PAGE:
This question was not easy, but I am absolutely sure I have found the
My extensive search for a place called Vebajufka somewhere near
Zhitomir led nowhere. I tried all possible ways of spelling, like
Vebajowka, Webajufka or Vebaiovka, but there was no village or town
even roughly resembling this. Neither do modern road atlases and maps
of the Ukraine mention a such place. Of course, there was a
possibility that the name had been changed in Soviet times, which
happend quite often. But even in that case there might have been some
trace of the old name. So I kept on searching.
I decided to have a closer look at the original Ellis Island records,
which are fortunately available to the public online. And then I
discovered something strange: The place name in the modern transcript
did, at least to me, not really look like the hand-written word in the
manifest. I did not recognize the capital character at the beginning
as a "V"; rather it seemed to be an "N".
Should the place name in the document not be "Vebajufka" at all, but
"Nebajufka"? I started searching using this version - and I was
successful! I discovered the Volhynia village Nebajufka (alternate
spellings: Nedbajuvka, Nedbajuwka) and found out from various genalogy
websites that the German spelling of the name never included the "d"
of the Ukrainian variant. A German-speaking person would have called
the village "Nebajufka", just like other Eastern European place names
have still specific ways of spelling in today's German.
The next step was finding out exactly the location of Nebajufka. It
needed to be close to Zhitomir, otherwise it could not have been
associated with that city. Again, I was successful: Nebajufka was 2.5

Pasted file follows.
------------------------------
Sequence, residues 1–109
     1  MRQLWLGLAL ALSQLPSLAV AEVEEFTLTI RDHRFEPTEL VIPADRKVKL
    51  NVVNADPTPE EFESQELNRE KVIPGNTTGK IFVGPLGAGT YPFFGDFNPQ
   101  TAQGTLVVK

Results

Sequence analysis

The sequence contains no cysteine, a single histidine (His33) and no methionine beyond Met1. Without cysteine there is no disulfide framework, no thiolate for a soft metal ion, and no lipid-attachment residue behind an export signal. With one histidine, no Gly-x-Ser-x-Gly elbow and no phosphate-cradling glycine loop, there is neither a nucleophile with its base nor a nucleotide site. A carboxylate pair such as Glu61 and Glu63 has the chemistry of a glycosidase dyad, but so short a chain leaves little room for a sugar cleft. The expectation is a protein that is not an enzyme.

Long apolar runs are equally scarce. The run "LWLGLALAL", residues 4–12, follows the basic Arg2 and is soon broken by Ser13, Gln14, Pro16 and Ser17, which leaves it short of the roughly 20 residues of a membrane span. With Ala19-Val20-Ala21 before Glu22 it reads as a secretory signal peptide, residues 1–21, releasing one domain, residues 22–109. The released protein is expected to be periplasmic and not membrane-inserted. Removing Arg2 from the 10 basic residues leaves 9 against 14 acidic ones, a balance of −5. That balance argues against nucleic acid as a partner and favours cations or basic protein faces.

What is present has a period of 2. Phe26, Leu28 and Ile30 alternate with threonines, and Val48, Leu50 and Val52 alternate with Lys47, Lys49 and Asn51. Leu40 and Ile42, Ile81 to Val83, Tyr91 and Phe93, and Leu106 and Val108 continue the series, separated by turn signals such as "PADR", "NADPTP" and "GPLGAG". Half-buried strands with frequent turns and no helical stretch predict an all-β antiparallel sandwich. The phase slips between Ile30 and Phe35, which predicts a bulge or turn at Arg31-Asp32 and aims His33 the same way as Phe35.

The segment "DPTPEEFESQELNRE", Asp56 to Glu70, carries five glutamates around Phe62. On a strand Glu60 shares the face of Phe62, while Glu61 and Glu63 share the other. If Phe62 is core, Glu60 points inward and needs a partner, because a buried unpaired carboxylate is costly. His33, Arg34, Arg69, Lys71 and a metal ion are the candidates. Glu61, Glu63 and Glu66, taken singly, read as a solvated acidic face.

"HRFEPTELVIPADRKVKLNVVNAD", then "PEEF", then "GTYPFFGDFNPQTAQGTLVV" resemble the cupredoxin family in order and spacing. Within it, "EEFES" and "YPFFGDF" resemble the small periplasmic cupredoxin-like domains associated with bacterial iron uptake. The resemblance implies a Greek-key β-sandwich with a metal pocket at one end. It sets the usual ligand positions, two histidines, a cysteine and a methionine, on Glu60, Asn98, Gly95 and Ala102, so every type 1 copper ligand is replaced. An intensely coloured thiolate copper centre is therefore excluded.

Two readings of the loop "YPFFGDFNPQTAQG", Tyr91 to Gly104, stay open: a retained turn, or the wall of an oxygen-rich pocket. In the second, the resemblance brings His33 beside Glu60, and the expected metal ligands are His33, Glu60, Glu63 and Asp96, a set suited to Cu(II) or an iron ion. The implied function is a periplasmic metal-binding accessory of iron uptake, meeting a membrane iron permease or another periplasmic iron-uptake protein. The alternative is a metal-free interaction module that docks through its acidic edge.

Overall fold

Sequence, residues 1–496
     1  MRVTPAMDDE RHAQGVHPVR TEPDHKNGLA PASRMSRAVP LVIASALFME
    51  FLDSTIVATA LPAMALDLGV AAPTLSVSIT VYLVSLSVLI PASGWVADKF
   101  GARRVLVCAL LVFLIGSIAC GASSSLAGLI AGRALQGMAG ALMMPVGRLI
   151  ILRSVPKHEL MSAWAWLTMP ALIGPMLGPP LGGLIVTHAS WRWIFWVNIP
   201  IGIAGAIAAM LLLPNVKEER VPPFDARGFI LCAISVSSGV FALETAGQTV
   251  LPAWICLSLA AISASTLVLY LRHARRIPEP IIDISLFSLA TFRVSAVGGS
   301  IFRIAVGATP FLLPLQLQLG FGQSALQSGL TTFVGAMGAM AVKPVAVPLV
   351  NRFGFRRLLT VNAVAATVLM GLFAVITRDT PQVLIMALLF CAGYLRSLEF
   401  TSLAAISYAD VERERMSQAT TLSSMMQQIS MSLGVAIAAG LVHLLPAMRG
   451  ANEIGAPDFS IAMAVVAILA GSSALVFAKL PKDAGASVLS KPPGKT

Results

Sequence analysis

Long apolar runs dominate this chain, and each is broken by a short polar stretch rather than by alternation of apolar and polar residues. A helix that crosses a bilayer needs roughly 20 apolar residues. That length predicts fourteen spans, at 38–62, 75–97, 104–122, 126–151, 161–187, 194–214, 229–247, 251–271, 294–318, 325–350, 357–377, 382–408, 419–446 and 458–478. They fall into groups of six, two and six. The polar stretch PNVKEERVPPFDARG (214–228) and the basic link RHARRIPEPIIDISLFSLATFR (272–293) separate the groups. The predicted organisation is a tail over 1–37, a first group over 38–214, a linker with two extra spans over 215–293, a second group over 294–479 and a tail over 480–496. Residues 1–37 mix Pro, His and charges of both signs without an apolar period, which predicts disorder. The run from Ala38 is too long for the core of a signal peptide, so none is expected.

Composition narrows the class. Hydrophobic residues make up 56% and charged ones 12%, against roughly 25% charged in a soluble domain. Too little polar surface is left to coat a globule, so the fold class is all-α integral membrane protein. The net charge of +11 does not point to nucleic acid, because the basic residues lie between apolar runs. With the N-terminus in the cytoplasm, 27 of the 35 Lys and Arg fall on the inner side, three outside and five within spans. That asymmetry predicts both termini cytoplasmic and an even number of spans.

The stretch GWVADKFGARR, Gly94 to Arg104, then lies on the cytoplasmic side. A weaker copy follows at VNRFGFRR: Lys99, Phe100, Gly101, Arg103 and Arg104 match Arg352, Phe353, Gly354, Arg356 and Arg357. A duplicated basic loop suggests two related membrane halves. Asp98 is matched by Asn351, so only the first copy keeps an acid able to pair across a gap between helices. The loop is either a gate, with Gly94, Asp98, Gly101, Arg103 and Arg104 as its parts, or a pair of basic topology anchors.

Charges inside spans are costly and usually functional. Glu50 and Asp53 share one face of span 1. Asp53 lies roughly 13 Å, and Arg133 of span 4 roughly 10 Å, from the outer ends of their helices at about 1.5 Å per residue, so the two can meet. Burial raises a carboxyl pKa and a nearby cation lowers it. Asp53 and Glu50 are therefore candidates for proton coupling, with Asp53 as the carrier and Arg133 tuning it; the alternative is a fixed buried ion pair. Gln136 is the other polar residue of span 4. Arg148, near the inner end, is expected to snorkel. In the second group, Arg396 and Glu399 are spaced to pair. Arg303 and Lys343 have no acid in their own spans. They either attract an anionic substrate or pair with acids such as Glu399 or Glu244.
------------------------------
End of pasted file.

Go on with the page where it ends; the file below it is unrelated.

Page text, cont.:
miles (4 km) from Granidub (before 1893 called Alexanderdorf), which
again was 150 miles (240 km) west of Kiev, Ukraine, in the county
Heimthal (or Heimtal), township of Pulin, district Zhitomir.
And I was also able to find a map showing Nebajufka. The village (here
spelled Nedbajowka) is located at approximately 50°35' North, 28°5'
East, north-west of Zhitomir (Shitomir):
(Plaudietsch.de: Karte der deutschen Siedlungen in
Ukrainisch-Wolhynien (Map of German settlements in Ukrainain
Volhynia), by Dr. Karl Stumpp)
However, all efforts to locate Nebajufka / Nedbajowka on a modern map
of the area remained fruitless: Either the place has changed its name
in the meantime, or the village does not exist anymore. This would not
be unlikely, since it was obviously a German settlement and almost all
Ukrainian Germans have been deported during World War II. The village
might have been deserted after that and dissapeared from the maps. It
is also possible that Nebajufka merged with another, nearby community
and did not keep its old name. In case you want to try searching the
map of the area yourself, please follow this link to a 1972 / 2000
Ukrainian general staff map (1:100,000):
(Ukraine 1:100,000 topographic maps, by the Library, University of
American Familiy Immigration History Center: Ellis Island Records
Volhynian Place Names, by L. Janke, published by the Odessa Digital
Library - 7 Jul 1998
Plaudietsch.de: Karte der deutschen Siedlungen in
Ukrainisch-Wolhynien, by Dr. Karl Stumpp
Wolhynien: Geographie & Karten (Geography and maps of Volhynia)
Ukraine 1:100,000 topographic maps, by the Library, University of
Search terms used:
"place names" zhitomir:
Hope this is what you were looking for!